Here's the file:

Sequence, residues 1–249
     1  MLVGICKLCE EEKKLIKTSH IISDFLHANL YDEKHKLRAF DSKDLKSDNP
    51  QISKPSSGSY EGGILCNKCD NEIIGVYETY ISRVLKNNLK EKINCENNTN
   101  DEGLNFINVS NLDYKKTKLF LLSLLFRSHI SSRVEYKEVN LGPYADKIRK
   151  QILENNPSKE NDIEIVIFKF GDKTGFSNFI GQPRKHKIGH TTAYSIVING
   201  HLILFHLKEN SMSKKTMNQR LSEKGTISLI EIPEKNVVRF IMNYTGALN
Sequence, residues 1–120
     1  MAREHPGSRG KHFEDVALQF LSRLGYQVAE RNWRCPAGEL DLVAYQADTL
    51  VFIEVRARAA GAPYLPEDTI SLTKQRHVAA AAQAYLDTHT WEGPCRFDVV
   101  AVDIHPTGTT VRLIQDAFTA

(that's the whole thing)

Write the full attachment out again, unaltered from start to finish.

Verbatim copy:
Sequence, residues 1–249
     1  MLVGICKLCE EEKKLIKTSH IISDFLHANL YDEKHKLRAF DSKDLKSDNP
    51  QISKPSSGSY EGGILCNKCD NEIIGVYETY ISRVLKNNLK EKINCENNTN
   101  DEGLNFINVS NLDYKKTKLF LLSLLFRSHI SSRVEYKEVN LGPYADKIRK
   151  QILENNPSKE NDIEIVIFKF GDKTGFSNFI GQPRKHKIGH TTAYSIVING
   201  HLILFHLKEN SMSKKTMNQR LSEKGTISLI EIPEKNVVRF IMNYTGALN
Sequence, residues 1–120
     1  MAREHPGSRG KHFEDVALQF LSRLGYQVAE RNWRCPAGEL DLVAYQADTL
    51  VFIEVRARAA GAPYLPEDTI SLTKQRHVAA AAQAYLDTHT WEGPCRFDVV
   101  AVDIHPTGTT VRLIQDAFTA